At the end of a meal at a Chinese restaurant, along with the check they present you with a fortune cookie. But it's not the cookie you're interested in--it's the little slip of paper inside. It's not the cookie, it's the fortune. But if they just presented you a slip of paper minus the cookie, that wouldn't work either. You need the cookie wrapped around the fortune so you can pretend that you're eating a cookie for dessert, when what you're really doing is reading a fortune for dessert.
In the world of script writing, they have a term for "the thing itself." They call it writing "on the nose." It's when you have your character announce to the audience exactly what he or she is feeling--the actual thing itself--rather than wrapping the feeling in a piece of behavior that enacts what's really going on inside. It's delivering the cookie, without the fortune.
This line of thinking comes up because this morning I was talking with the always-insightful Betsy Burroughs about the world of social entrepreneurship--and why even the term "social entrepreneurship" is so often a big turn-off. The problem is, it's all cookie, not fortune. It's so on the nose, it makes most people want to thumb their nose.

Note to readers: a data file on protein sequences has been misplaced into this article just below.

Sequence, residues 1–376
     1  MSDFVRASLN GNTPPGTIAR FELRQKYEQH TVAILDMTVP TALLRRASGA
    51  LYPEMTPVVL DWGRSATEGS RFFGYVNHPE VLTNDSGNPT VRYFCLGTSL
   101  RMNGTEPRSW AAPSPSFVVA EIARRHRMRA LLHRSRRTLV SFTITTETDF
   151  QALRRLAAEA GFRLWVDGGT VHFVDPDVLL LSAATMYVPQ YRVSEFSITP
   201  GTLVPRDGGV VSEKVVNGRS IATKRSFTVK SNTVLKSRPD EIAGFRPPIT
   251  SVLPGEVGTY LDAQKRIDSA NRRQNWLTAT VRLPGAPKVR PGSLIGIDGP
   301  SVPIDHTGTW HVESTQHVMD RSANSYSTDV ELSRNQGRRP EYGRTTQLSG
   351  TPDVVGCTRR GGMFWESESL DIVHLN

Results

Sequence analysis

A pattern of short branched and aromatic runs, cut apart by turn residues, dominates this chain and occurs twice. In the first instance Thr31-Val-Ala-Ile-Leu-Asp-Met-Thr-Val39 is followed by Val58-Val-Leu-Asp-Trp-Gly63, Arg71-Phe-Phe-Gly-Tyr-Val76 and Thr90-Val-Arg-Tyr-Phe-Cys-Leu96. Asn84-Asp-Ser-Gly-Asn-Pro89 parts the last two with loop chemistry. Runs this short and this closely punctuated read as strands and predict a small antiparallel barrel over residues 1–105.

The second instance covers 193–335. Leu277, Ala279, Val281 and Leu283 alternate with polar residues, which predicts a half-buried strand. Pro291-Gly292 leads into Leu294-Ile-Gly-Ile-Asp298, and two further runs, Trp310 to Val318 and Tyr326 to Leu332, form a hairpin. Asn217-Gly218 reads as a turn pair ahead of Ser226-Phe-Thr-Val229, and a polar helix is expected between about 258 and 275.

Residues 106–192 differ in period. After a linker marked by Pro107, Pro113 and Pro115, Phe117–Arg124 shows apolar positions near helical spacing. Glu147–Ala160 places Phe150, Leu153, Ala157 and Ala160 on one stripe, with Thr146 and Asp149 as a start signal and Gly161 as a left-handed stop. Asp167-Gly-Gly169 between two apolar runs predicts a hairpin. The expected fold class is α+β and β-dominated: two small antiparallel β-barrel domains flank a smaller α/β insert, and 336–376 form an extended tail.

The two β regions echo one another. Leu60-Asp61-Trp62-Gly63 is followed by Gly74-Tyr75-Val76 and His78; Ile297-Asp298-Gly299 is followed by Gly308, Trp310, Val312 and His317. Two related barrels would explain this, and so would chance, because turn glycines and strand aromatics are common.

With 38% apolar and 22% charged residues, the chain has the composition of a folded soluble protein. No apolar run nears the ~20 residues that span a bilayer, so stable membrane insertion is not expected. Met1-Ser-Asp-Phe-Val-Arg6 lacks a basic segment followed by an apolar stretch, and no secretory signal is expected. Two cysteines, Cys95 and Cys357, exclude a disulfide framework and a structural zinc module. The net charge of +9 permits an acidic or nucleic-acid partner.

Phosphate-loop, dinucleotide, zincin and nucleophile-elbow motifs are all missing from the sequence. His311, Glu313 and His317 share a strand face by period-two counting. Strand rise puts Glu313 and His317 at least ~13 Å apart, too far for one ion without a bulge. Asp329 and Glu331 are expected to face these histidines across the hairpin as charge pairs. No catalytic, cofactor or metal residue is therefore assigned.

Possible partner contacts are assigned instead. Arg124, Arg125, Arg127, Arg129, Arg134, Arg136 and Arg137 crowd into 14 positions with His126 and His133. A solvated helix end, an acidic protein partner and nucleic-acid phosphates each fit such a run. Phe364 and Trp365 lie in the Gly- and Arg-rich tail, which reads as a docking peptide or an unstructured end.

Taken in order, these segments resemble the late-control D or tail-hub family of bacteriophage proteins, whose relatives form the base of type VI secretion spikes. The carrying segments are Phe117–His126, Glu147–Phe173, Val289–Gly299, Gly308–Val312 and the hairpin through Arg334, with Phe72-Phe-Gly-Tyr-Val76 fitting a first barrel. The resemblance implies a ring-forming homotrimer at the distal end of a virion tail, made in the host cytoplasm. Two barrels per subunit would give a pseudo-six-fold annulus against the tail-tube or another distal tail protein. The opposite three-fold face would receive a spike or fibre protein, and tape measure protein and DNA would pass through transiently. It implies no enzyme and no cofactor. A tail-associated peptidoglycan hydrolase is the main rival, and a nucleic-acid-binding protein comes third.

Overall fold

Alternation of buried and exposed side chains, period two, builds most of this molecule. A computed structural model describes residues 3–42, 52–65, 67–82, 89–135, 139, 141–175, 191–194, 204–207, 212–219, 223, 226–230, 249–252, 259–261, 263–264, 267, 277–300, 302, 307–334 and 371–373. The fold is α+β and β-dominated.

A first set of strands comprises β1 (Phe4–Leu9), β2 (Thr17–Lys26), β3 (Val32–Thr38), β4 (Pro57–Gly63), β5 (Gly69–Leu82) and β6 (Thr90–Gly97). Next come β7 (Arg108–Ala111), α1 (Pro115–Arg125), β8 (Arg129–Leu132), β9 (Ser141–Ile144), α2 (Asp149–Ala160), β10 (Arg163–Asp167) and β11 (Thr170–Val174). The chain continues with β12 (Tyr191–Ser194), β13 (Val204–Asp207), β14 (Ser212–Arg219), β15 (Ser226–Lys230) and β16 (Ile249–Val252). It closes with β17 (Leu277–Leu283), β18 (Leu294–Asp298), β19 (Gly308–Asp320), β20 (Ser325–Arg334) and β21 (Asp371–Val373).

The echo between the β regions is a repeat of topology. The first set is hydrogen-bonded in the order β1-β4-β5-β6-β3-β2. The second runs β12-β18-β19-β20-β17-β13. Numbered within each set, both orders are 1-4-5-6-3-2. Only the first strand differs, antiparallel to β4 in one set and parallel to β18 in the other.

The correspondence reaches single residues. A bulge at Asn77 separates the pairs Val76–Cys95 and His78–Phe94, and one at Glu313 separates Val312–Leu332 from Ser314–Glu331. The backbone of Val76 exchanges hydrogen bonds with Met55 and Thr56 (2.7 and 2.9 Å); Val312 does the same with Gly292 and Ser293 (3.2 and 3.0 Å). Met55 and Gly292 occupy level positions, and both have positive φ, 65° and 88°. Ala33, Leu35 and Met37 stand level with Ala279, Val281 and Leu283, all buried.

But what's at the heart of social entrepreneurship--the fortune in the middle--is the promise of a way of shaping the future. It's the opportunity for really smart, creative people to combine their entrepreneurial business skills, their technological smarts, their buiness model creativity with something that matters, something that's bigger than just making more money. It's money, but it's money plus meaning.
That's the excitement that's hidden inside the boring terminology of "social entrepreneurship."
It's a lesson I learned back in the early days of Fast Company magazine: the dirty little secret about Fast Company was, it wasn't a business magazine. Not really. Not in the old fashioned way. The business magazine part was the cookie, the delivery mechanism that made the real product legitimate. The real product? That was a new conversation about the future, about how individuals could make a difference by tapping into the best business has to offer.
The truth is, it's never the thing itself. It's always what's tucked inside.
So ask yourself: What is it that's tucked inside your business? What's the fortune around which you've wrapped your cookie?
All Rights Reserved 2009 (c) Alan Webber, Rules Of Thumb